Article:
The aquarium is part of Jenkinson’s boardwalk in Point Pleasant Beach, N.J.
Opened in 1991, the aquarium features a 58,000-gallon tank with exhibits of both Atlantic and Pacific sharks, coral reefs and sea turtles, as well as habitats for African penguins and Atlantic and Pacific harbor seals.
The aquarium also has a rainforest exhibit with birds and monkeys as well as eels, snakes, frogs, crabs, alligators and toads. There is a touch tank that allows the kids to get close to sea creatures, including sea stars and rays.
Long Island Aquarium
Long Island Aquarium opened in 2000 on Long Island. It’s part of a complex that includes an exhibition center and hotel.
One of its biggest attractions is a 20,000-gallon coral reef display tank, which is one of the largest all-living coral displays in the Western Hemisphere. Exhibits include sharks, clown fish, Moray eels, piranhas, seahorses and other creatures in saltwater tanks as well as a tidal march and touch tank. Outdoors is an otter habitat, penguin pavilion, sea lions and seals and a ray bay.
Interactive experiences include a submarine simulator, a chance to get a photo kissing a sea lion and a chance to dive with sharks.
New York Aquarium
The aquarium on Coney Island is run by the Wildlife Conservation Society. Because of damage from Hurricane Sandy, the aquarium is partially open.
An aquatheater features sea lion shows, weather permitting, and Conservation Hall features Glover’s reef, an exhibit of colorful marine life. Visitors can see penguins, otters and seals in the outdoor Sea Cliffs exhibit, although the underwater viewing area remains closed due to hurricane damage.
A new shark habitat is under construction and the sharks, rays and turtles are housed in a temporary exhibit.
PPG Aquarium at Pittsburgh Zoo
Pittsburgh became home to one of only six major zoo and aquarium combinations in the United States when it opened its first aquarium called AquaZoo in 1967.
In 2000, the aquarium was renovated to a 45,000-square-foot, two-story attraction that was renamed PPG Aquarium.
The aquarium’s theme is the “Diversity of Water,” and exhibits portray different marine ecosystems, including a tropical rainforest inhabited by tamarins and piranha; a Pennsylvania exhibit, which includes native fish and aquatic wildlife of the Allegheny River, such as the brook trout; a penguin exhibit, which has three species of Antarctic penguins; a coral reef; and an open ocean exhibit.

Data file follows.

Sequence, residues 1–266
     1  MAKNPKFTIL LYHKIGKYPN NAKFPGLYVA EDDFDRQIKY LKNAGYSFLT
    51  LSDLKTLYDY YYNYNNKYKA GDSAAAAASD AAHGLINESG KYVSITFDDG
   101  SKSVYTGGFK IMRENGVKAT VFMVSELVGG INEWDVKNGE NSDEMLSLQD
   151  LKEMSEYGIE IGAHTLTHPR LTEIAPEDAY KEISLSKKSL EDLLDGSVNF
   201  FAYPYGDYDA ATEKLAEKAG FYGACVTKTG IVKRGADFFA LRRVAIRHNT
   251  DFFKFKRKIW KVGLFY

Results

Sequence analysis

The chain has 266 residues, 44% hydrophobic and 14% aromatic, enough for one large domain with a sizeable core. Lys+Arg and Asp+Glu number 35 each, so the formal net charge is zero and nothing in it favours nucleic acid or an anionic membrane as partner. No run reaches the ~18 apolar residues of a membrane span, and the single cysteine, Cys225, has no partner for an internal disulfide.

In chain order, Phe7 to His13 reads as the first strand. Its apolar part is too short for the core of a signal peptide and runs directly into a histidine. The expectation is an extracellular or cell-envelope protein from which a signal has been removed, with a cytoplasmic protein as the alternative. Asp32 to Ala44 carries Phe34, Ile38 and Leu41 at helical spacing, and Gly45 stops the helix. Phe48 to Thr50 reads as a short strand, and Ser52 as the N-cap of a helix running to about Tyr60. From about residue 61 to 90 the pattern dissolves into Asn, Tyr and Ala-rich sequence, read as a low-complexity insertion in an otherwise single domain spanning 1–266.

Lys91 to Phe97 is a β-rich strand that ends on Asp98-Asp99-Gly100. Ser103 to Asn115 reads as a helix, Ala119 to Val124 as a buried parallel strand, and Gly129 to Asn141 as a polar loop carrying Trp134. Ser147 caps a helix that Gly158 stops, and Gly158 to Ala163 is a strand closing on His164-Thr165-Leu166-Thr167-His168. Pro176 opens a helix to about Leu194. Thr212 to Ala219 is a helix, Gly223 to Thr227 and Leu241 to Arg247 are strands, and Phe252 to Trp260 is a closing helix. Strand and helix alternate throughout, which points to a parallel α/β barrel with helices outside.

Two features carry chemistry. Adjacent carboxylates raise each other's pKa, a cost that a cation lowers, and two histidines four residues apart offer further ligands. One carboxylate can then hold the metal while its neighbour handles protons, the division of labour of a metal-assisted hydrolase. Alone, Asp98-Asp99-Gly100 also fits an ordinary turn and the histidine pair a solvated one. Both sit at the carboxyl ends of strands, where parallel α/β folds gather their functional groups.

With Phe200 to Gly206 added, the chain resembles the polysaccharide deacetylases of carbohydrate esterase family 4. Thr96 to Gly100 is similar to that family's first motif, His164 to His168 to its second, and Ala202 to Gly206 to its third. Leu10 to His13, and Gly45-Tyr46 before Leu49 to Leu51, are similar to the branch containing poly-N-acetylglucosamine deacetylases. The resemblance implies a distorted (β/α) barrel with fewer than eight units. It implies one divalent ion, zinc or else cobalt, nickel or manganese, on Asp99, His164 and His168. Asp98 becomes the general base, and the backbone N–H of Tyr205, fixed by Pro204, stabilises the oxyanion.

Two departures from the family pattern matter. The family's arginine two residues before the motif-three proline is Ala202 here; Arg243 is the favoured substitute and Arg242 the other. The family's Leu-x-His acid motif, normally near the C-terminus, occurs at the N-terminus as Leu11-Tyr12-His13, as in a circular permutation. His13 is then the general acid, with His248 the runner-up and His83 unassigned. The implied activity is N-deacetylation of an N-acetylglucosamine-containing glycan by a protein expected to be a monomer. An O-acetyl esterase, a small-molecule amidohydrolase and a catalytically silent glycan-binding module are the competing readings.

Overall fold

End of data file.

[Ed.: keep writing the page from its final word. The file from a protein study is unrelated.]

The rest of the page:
Water’s Edge is the newest section and is designed to resemble a coastal fishing village, showing how people interact with marine wildlife in coastal areas. A long walk-through tunnel runs through three large water tanks containing polar bears, sea otters and an elephant seal.
Adventure Aquarium: 1 Riverside Drive, Camden, Admission: $25.95; $18.95, ages 2-12. www.adventureaquarium.com, 856-365-3300
National Aquarium: 501 E. Pratt St., Baltimore, Md. Admission: $39.95, adults; $34.95, seniors; $24.95, ages 3-11. aqua.org, 410-576-3800
Atlantic City Aquarium: 800 N. New Hampshire Ave., Atlantic City, N.J. Admisison: $10, ages 13 and up; $7, seniors; $6, ages 4-12. www.acaquarium.com, 609-348-2880
Jenkinson’s Aquarium: 300 Ocean Ave., Point Pleasant Beach, N.J. Admission: $12, adults; $7, seniors and ages 3-12. jenkinsons.com/aquarium, 732-892-0600
New York Aquarium: 2300 Southern Blvd., Bronx, N.Y. Admission: $11.95, ages 3 and up. www.nyaquarium.com, 718-265-FISH
Long Island Aquarium: 431 E. Main St., Riverhead, N.Y. Admission: $29, ages 13 and up; $25, seniors; $22, ages 3-12. www.longislandaquarium.com, 631-208-9200
Pittsburgh Zoo: 7340 Butler St., Pittsburgh. Admission: $15, adults; $14, seniors; $13, ages 2-13; free, under 2. www.pittsburghzoo.org.